“As you know, DMV is actively studying Virginia’s passenger carrier laws and business models such as Uber/Lyft. DMV has invited Uber/Lyft and other stakeholders to participate in this study and will produce a final report before the next legislative session. I strongly suggest that Uber/Lyft focus its resources on participation in this study rather than continue illegal operations in the meantime.

In other words, get your lobbying pants on boys, and head to Richmond.

Here’s the most telling aspect of this story, via Watchdog.org:

Sunni Blevins Brown, spokeswoman for the Virginia DMV, confirmed that a “number of transportation companies, including taxis, have contacted DMV regarding this matter.

Of course they have.

Lord knows ride-sharing companies, especially Uber, have a lot of ‘splainin to do in other areas of their business model, but it’s hard to look at the DMV’s action as anything but a transparent move to protect the old guard.

Image via Lyft, Twitter

Josh Wolford

About the Author

Josh WolfordJosh Wolford is a writer for WebProNews. He likes beer, Japanese food, and movies that make him feel weird afterward. Mostly beer. Follow him on Twitter: @joshgwolf Instagram: @joshgwolf Google+: Joshua Wolford StumbleUpon: joshgwolf

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  • Public protector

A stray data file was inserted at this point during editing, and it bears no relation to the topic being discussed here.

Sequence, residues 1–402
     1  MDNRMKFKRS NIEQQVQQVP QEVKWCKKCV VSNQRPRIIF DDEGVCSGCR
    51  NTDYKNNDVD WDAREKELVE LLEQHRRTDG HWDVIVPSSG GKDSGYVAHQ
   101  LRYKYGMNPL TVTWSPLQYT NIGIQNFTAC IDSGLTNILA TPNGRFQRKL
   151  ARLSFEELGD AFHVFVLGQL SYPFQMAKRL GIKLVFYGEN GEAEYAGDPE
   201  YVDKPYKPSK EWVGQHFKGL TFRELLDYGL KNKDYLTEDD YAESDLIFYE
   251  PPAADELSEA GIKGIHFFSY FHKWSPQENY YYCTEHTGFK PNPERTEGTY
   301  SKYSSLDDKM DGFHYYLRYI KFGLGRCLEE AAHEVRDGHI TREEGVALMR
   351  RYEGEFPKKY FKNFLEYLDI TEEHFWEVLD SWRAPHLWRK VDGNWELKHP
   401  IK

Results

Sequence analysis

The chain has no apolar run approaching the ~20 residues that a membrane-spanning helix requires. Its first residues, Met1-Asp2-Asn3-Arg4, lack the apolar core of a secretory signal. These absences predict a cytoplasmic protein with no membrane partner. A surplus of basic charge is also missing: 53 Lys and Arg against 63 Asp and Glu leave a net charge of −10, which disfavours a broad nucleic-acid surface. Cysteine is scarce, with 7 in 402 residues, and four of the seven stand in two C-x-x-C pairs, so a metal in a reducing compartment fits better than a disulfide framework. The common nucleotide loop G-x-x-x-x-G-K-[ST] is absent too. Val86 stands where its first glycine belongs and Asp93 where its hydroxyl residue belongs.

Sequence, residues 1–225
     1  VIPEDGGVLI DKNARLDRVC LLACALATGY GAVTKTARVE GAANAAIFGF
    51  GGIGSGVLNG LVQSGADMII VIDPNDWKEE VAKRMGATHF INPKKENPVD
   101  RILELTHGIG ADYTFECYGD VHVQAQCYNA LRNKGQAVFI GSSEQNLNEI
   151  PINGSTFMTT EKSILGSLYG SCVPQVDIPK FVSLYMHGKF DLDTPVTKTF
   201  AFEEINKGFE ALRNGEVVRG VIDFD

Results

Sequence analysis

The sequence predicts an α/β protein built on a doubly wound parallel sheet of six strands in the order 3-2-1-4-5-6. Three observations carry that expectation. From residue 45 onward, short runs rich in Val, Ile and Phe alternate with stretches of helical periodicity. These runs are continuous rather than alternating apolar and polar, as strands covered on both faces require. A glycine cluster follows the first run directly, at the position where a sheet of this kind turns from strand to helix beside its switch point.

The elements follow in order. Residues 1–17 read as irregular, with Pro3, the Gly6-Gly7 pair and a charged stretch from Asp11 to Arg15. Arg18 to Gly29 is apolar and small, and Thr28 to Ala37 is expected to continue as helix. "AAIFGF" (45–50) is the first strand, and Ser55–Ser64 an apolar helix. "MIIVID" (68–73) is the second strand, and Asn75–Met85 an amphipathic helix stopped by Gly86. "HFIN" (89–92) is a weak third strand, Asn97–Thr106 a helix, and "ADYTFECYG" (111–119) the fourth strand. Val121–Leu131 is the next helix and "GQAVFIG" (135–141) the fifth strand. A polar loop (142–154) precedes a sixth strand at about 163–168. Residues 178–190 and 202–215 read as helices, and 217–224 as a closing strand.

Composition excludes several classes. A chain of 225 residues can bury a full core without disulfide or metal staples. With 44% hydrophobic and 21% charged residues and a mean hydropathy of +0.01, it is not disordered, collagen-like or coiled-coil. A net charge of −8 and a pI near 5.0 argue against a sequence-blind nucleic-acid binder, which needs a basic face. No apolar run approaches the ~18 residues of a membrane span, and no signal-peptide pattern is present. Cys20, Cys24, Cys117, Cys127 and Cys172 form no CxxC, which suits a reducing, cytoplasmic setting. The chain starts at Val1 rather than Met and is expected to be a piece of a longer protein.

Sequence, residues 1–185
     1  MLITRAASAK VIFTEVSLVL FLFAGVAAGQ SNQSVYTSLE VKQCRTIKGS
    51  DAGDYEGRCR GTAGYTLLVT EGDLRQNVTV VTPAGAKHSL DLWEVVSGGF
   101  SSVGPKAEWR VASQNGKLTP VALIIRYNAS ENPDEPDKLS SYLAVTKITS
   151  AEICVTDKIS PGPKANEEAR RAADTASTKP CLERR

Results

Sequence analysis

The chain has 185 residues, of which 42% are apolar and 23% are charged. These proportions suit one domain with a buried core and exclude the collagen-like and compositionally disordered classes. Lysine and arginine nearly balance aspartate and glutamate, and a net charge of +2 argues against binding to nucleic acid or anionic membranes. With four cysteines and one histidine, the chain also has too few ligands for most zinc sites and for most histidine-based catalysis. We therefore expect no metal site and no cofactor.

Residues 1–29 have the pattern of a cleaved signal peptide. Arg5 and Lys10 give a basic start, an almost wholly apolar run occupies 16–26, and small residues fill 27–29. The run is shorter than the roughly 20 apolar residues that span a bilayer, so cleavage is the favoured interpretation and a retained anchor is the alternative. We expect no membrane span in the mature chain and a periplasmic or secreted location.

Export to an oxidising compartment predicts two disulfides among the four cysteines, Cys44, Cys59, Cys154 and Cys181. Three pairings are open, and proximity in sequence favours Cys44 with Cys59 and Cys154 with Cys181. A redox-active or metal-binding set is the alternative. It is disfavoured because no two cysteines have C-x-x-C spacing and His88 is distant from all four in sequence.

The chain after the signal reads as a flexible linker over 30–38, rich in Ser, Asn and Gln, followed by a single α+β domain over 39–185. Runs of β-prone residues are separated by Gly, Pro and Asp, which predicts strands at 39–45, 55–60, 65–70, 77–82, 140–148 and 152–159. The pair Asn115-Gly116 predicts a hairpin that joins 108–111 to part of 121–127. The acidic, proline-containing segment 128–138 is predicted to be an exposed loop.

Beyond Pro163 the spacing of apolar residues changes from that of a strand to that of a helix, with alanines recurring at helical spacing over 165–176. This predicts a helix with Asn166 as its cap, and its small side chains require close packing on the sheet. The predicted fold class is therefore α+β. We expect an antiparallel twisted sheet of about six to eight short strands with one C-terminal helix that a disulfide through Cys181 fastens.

I drove for Uber for slightly under two months and here’s what I found………….Uber is dangerous for public safety and must be shut down . Having to tap a small icon on the Uber device ( phone ) to accept, cancel, arriving, etc., and more takes your eyes completely off of the road . You are oblivious to traffic for those few seconds your looking at your Uber device which can easily cause head – on collisions resulting in immediate death & injury . Even if you, yourself cancels you must proceed with why you are canceling to the little icons on your Uber device and doing so makes you oblivious to traffic and the road ahead of you while driving . There are 6 icons on your Uber device stated on you why your cancelling & you must select one by tapping on one of the little icons . This is frequently done while driving diverting your eyes off the road ahead of you . You are not paying attention to traffic while your concentrating on these little icons on your Uber phone. When driving to get to the the client ( this happened frequently for me ) the client cancels for one reason or another . Because your on the way to pick up your client you receive the cancellation notice while your driving and while your driving your eyes are taken off the road so you can respond to the beeping sound coming from your Uber device . This beeping sound indicates that the client has cancelled the fare . While driving, searching then tapping the icons is more dangerous then texting . Furthermore, there is no time limit to driving . Unlike Taxi drivers who are limited to a ten hour driving period in, San Francisco an Uber driver can drive for 20 hours straight or more . Too much driving creates fatigue often leading to confusion, , falling asleep, hallucinations, dozing off and considerably more inattentiveness which can cause accidents resulting in injury and even death . Being an Uber driver means you must do illegal or unlawful things such as take 8 passengers in your car when there are just 4 seat belts . In my case I was required to take 9 passengers, including myself which would have been 10 people all in a mini van . The weight itself is enough to cause my tires to rub against the wheel wells of my van creating sparks from stones trapped in the threading of my tires which could ignite the fuel tank causing an explosion even killing all those passengers that are trapped inside my mini Van . Another example : That much weight often causes unintentional swerving resulting in an accident .